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Coaching others to coach
Coaching others to coach

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6 The reflexive coach developer

Being reflexive means looking back on your experiences and understanding the effect you have on other people as well as recognising the reasons why you have this effect.

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Figure 7 Looking back at yourself through the lens of your own self-identity – what do you see?

Being reflexive can be an important aspect of expertise for those supporting the learning and development of coaches. Lucy Moore takes up the story:

For me, being reflexive is a process of looking back on your own practices and behaviours to help you better appreciate how and why the coaches you are supporting perceive you in the way they do. It is having a heightened sense of self-awareness and understanding about your role as a coach developer – about understanding why you believe what you believe – and seeing this from the perspective of the coach. I always remember how I felt when I was being observed as a coach and being given feedback. Those experiences now shape my behaviour when I am supporting coaches. The saying goes ‘treat others as you want to be treated’ and I aspire to do so. Being reflexive increases your potential to navigate some of the power relations, opinions, beliefs and perceptions that you may encounter as a coach developer and understand these in more detail.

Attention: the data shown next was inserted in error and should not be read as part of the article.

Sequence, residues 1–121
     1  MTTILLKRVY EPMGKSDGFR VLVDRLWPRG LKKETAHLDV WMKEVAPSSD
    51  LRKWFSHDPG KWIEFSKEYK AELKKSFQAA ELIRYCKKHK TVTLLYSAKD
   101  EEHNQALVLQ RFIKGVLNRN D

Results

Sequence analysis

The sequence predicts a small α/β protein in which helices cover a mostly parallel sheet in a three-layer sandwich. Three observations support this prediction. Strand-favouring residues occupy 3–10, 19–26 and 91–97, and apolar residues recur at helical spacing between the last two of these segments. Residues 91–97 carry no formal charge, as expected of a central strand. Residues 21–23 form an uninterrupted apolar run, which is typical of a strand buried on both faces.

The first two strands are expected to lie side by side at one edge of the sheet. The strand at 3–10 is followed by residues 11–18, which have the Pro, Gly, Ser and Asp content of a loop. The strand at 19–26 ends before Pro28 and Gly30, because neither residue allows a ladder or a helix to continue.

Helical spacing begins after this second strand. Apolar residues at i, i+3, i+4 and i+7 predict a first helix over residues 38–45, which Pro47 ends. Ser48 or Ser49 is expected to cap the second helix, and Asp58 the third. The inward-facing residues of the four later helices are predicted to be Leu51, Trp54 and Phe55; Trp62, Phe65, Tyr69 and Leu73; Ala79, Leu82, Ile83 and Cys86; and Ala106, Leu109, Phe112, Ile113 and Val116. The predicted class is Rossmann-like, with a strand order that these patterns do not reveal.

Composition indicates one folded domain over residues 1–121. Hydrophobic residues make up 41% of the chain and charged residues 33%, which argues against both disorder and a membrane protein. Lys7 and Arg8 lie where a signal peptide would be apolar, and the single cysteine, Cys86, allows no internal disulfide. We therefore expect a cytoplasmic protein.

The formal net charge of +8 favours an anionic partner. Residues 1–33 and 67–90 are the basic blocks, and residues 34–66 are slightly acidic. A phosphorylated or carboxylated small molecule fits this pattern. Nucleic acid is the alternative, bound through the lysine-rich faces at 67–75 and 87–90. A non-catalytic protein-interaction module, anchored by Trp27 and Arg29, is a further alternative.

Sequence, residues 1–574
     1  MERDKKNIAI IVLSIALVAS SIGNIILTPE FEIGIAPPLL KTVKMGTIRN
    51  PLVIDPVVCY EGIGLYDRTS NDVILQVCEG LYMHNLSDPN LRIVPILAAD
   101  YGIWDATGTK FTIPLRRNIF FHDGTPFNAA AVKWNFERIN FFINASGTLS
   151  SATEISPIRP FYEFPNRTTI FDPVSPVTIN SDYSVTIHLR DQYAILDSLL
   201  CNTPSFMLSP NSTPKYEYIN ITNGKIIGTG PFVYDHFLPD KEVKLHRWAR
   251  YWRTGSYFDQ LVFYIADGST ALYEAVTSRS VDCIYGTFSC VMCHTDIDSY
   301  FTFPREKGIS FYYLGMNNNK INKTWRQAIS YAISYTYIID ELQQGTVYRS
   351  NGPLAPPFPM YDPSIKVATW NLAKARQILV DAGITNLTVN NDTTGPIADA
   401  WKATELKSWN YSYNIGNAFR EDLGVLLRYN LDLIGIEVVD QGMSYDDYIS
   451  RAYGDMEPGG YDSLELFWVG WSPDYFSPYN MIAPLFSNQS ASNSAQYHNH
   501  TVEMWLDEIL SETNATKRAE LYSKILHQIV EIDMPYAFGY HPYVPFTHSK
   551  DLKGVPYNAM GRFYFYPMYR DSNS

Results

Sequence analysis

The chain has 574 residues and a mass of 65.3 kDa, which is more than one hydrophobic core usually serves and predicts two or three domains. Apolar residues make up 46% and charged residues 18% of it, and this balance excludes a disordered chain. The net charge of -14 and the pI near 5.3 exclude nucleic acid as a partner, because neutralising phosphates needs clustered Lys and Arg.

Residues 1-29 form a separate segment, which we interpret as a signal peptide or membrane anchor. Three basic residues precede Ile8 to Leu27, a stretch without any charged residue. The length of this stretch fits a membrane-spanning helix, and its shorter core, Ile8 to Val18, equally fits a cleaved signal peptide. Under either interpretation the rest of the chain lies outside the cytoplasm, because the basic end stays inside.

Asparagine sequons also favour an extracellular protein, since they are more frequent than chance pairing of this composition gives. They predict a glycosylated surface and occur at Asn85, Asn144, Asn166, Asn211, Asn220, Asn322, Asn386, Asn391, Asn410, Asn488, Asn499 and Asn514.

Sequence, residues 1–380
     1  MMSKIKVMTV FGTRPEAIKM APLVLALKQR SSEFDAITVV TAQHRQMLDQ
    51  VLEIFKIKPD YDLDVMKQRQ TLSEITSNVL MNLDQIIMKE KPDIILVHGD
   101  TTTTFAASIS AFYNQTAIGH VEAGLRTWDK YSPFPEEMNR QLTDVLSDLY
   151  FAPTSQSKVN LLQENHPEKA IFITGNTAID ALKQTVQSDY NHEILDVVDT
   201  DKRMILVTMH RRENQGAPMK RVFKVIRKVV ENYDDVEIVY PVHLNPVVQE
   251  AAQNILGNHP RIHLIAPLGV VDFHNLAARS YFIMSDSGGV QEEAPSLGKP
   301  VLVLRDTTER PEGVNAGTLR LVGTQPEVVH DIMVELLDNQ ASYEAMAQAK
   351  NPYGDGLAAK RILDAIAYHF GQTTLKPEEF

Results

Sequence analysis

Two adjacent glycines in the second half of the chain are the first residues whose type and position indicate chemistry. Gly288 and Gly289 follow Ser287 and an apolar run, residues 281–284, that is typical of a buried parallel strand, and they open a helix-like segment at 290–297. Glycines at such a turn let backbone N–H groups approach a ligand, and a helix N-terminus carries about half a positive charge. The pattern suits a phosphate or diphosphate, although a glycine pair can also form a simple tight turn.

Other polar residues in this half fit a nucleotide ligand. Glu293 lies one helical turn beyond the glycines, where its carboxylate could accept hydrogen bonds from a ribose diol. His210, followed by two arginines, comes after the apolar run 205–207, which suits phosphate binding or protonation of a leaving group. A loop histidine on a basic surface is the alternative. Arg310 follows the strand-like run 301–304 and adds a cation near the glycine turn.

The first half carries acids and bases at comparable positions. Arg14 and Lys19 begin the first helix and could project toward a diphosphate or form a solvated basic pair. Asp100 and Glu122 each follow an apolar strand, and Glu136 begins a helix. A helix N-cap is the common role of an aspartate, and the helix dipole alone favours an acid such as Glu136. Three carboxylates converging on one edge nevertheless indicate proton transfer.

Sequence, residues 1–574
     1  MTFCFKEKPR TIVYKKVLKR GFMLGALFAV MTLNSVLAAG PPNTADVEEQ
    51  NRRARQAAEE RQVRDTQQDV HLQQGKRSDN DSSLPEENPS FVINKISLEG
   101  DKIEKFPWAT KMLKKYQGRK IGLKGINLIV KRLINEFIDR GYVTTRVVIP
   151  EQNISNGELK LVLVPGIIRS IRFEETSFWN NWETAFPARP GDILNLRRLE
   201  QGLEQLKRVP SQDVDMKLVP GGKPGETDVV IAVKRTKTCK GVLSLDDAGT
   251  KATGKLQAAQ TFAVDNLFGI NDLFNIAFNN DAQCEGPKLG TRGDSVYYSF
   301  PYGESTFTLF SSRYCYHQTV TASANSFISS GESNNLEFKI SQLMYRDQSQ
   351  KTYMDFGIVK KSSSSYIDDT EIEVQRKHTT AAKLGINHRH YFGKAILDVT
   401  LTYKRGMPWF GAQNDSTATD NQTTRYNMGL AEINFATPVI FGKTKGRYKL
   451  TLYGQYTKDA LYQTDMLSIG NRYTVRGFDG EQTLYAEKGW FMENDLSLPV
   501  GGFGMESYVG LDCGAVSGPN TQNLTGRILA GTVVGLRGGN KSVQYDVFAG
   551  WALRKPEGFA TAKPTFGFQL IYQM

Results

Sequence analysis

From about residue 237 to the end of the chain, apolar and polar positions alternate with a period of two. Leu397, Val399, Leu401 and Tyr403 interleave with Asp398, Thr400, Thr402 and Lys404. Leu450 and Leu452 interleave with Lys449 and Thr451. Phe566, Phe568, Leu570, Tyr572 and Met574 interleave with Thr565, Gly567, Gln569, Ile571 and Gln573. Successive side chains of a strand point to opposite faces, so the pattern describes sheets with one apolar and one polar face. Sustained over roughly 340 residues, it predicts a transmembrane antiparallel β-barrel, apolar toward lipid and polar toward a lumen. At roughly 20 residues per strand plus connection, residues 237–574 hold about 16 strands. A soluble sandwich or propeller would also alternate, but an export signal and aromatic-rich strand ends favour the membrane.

(Lucy Moore, coach developer)

Reflexivity is therefore more than just being reflective. Instead, it is reaching a point of knowing why you believe what you believe about developing coaches, and projecting this in your behaviours and actions (Warren, 2011). It is about how you construct your self-identity as a coach developer and what this role means to you.

Being reflexive requires having a deep sense of self-awareness and introspection and a willingness to always question yourself and imagine your effect on others through the lens of how you would want to be treated. An important and integral part of this is recognising the distribution of power in your relationships with coaches.